Step Two: Measure, Mix and Hydrate your dough (aka The Autolyze)

Combine Bread and AP flours, or Ancient Grains and Bread flours into a large bowl and mix to combine. To that, add 750g warm water. Temperature matters here. Your levain should be room temp (around 70°) and your water around 80°. If your kitchen is hot and humid, use cooler water, and if it’s cold, use warmer water. Mix the flour and the water to combine. This step is messy but do the best you can to combine everything until no dry flour remains. Then, use a bench scraper to scrape the flour off your hands and back into the shaggy dough. Cover the dough bowl with plastic wrap and let rest for 20 minutes.

Note:  Many recipes say to cover the dough bowl with a towel. In my experience, you really want to keep the heat and moisture in the bowl at this stage (and all stages until the end). Nothing works as well as plastic wrap for this. I re-use plastic wrap repeatedly - even if it has lost its cling. I press it over the bowl covering the edges and leave no space for air. Then I tightly cover that with a large kitchen towel to keep the plastic in place. You can also use a plastic shower cap.

Note: Find a warm, draft-free place for your dough to rest throughout this entire process. If you have a digital thermometer, poke it into your dough to take a reading. You’re aiming for 78° so you can get an idea of whether your dough needs to be in a very warm spot or a cool spot.

If your kitchen is cold, some ideas for the resting spot:

  • Inside your oven with the oven light on. (Oven is off, but light is on).

  • Some ovens have a proofing setting, which is about 85°F. This is ideal if your oven has it.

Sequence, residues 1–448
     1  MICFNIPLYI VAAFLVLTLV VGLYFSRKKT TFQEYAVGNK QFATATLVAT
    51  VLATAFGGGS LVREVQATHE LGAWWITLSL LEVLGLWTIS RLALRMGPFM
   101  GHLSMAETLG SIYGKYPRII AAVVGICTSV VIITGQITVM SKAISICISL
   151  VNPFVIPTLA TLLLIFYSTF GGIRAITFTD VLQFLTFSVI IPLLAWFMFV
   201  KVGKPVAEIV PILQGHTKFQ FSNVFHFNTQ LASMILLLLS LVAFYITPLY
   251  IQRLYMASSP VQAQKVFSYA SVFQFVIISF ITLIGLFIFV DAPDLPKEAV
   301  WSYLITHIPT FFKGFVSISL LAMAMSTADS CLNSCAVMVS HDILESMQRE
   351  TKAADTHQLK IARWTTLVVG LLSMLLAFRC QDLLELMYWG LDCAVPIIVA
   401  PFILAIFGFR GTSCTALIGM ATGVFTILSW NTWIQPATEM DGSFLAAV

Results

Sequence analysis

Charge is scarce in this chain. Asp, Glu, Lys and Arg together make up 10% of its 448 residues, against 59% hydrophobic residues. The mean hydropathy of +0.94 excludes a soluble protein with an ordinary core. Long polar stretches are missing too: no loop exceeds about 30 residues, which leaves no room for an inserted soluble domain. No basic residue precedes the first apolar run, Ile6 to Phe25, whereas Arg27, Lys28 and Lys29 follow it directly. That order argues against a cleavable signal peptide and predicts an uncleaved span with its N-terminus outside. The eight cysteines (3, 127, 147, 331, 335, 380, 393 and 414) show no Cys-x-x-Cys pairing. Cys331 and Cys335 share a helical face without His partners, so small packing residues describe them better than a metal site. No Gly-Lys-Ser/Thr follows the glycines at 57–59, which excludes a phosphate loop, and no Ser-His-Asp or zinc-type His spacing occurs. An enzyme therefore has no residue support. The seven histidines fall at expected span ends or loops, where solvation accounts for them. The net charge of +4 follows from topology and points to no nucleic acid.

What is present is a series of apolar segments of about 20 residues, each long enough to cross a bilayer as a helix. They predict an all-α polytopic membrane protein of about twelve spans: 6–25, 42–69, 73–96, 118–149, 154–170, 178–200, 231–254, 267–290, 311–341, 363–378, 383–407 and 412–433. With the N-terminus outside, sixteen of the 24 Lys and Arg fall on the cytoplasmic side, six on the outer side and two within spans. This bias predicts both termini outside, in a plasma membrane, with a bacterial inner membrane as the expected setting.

• If your microwave is big enough, the inside of it, with the door closed, can work.

  • I often use a heating pad, especially in winter, on the lowest setting and place the bowl on top of it - though when you do this, you do need to make sure it doesn't get too warm.  

Step Three: Add your levain

Uncover your dough and pour/spoon 200g of levain over the top of the dough. Beginning with the fingertips of your dominant hand, dimple the levain into the dough, and then continue to use your whole hand to further incorporate it so the levain and dough become homogenous. Cover again with plastic and let rest for 30 minutes.

Step Four: Add Salt (and a little more water)

Uncover your dough and sprinkle 20g fine sea salt over the top of it. On top of that, add an additional 25g water. (Save the remaining 25g water to dip your hands in throughout the later process of stretching and folding the dough.) Use your fingers to depress the salt into the flour. Imagine you are playing the piano to press the salt into the dough. You should feel the bottom of the bowl but be gentle and try not to poke a hole in the flour. You’re already starting to stretch those gluten strands – think about like elongating an elastic band: stretch but don’t tear. Once you've done that, begin to incorporate the salt completely in a more traditional kneading style. Squeeze and smoosh it in until you don't feel any grittiness from the salt. Pick the dough up and turn it over in your bowl so that the smooth side that was on the bottom is now on the top. Cover again and let rest for 30 minutes.